Throughout our hopefully short time without real live games, we’ll be taking a weekly look back at a specific year in baseball history. What happened, why it mattered, what we’ll remember most. Send us the years you’d most like us to talk about at [email protected].
So far: 1983 | 1984 | 1987 | 1990 | 1991 | 1995 | 1998 | 2003 | 2006 | 2010
Wild Card Games: Rays over Indians; Pirates over Reds
NLDS: Cardinals over Pirates in 5; Dodgers over Braves in 4
ALDS: Tigers over A’s in 5; Red Sox over Rays in 4
LCS: Cardinals over Dodgers in 6; Red Sox over Tigers in 6
World Series: Red Sox over Cardinals in 6
MVPs: AL: Miguel Cabrera, Tigers; NL: Andrew McCutchen, Pirates
Cy Youngs: AL: Max Scherzer, Tigers; NL: Clayton Kershaw, Dodgers
Rookies of the Year: AL: Wil Myers, Rays; NL: José Fernández, Marlins
All-MLB Team (chosen by me, in 2020):
1B: Chris Davis, Orioles
2B: Robinson Canó, Yankees
SS: Troy Tulowitzki, Rockies
3B: Miguel Cabrera, Tigers
OF: Mike Trout, Angels
OF: Andrew McCutchen, Pirates
OF: Jacoby Ellsbury, Red Sox
C: Yadier Molina, Cardinals
DH: David Ortiz, Red Sox
SP: Clayton Kershaw, Dodgers
SP: Max Scherzer, Tigers
SP: Cliff Lee, Phillies
SP: Adam Wainwright, Cardinals
RP: Craig Kimbrel, Braves
RP: Greg Holland, Royals
Baseball doesn’t have to mean anything more than baseball. A great season can exist entirely outside of the circumstances in the world that surrounds it. For example, 1927 is a year that doesn’t have a lot of major significance in the country at large -- it was a good year for Charles Lindbergh, and both the Academy Awards and the Holland Tunnel became open for business -- but in baseball, 1927, and specifically the Yankees squad from that year, will live forever. Sometimes baseball is just baseball, and that is absolutely fine.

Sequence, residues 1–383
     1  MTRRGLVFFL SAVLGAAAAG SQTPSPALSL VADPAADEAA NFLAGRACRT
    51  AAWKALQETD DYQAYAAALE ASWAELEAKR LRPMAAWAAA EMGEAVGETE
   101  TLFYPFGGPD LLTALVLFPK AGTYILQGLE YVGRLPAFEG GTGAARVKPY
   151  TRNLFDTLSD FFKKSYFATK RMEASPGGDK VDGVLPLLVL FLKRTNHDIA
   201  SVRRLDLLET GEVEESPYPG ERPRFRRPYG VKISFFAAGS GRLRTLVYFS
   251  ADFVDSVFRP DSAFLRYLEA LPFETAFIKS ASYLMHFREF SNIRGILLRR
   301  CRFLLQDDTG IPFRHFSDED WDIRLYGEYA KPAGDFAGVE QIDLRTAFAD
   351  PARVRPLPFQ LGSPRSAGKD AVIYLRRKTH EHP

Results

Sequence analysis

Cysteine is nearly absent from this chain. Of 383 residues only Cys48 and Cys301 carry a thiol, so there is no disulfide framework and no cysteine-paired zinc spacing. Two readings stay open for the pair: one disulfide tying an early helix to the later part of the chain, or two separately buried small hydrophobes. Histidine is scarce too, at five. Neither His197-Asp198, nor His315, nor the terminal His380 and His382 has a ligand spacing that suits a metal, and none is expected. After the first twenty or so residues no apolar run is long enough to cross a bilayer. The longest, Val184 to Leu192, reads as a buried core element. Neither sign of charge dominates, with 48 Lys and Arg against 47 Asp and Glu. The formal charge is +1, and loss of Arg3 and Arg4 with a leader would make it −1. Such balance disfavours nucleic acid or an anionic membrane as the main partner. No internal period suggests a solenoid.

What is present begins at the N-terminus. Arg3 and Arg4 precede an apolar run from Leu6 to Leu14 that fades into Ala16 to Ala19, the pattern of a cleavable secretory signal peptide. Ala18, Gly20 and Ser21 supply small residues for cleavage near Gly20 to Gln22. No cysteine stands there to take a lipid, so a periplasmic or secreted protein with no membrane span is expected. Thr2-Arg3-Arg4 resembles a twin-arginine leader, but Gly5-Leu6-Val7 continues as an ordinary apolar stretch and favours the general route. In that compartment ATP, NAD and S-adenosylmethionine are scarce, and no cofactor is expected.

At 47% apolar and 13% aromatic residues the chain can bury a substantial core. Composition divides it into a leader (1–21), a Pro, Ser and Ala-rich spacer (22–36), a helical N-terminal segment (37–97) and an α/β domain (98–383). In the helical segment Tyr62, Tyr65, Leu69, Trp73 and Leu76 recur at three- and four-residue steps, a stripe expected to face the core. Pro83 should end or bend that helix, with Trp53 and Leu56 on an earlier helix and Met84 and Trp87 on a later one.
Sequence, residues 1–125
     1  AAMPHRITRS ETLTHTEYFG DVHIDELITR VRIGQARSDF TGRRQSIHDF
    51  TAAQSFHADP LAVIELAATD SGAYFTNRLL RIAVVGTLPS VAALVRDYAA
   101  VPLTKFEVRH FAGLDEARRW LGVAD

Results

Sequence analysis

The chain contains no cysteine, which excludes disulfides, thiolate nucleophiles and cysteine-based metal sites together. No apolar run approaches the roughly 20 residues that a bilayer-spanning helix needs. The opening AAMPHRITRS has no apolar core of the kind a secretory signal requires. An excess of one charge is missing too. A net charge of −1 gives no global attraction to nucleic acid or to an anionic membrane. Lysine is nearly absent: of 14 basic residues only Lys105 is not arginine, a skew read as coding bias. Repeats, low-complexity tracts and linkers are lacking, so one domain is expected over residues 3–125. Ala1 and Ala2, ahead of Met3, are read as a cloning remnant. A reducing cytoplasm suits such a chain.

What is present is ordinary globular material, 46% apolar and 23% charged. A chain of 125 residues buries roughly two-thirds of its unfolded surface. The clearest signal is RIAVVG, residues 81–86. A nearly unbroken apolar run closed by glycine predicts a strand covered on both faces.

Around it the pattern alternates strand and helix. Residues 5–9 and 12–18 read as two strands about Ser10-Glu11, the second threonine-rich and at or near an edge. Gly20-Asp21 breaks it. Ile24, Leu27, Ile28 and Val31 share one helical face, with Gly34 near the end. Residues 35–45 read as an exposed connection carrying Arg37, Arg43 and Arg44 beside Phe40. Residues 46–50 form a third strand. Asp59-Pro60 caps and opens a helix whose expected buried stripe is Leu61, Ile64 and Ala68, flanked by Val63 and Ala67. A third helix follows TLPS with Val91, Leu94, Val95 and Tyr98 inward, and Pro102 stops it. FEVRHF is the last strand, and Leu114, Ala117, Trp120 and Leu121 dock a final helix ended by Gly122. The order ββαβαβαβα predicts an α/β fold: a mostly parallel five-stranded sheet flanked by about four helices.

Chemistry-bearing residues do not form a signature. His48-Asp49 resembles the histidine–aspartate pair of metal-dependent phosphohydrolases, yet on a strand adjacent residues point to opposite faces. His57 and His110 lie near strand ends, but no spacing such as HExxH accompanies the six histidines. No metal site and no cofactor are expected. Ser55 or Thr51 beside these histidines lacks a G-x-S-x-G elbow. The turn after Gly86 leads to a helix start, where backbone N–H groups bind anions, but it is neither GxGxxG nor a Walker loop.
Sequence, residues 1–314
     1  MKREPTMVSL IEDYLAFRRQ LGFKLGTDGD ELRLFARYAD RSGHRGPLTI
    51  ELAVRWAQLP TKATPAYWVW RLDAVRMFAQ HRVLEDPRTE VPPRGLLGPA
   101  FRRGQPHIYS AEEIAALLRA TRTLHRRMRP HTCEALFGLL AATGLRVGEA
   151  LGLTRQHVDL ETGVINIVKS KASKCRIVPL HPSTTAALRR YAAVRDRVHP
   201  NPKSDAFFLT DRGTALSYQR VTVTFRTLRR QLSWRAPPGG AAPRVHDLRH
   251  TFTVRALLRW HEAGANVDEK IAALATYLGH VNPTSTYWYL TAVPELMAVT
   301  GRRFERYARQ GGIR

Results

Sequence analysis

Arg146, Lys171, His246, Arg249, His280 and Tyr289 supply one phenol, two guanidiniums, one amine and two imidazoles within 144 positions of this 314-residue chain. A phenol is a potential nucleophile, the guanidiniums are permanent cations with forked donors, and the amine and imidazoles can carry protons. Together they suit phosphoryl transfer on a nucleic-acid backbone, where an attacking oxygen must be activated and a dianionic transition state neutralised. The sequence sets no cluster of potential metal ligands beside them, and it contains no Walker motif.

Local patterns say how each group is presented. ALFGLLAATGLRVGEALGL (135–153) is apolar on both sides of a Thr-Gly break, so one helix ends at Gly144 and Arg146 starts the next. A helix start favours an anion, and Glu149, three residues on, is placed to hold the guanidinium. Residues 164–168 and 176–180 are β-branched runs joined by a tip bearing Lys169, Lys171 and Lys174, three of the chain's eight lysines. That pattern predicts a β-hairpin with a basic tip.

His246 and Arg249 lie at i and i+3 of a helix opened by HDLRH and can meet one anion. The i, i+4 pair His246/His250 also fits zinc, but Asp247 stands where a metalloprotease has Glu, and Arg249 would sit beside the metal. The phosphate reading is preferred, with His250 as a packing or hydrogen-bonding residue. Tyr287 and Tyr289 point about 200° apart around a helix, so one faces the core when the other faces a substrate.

But sometimes baseball can be something more.
On Monday, April 15, 2013, the Boston Red Sox played their annual Patriots' Day game, beating the Blue Jays, 3-2, on a walk-off double from Mike Napoli, scoring Dustin Pedroia. It improved the Red Sox to an 8-4 record, a welcome change from the disastrous '12 season in which they finished in last place, parted ways with manager Bobby Valentine after one season and traded away their most expensive, unsatisfying veterans at the Trade Deadline. The fast start was desperately needed. The team was on a bus, about to head to the airport for a three-game series in Cleveland, when they heard news reports about an explosion at the Boston Marathon.
Then-Boston infielder Will Middlebrooks told The Athletic, in a terrific oral history of that 2013 Red Sox season, “A walk-off win in the big leagues is one of the most exhilarating feelings, especially in Fenway Park. And then less than an hour after that being overcome with fear, confusion and sadness was overwhelming.”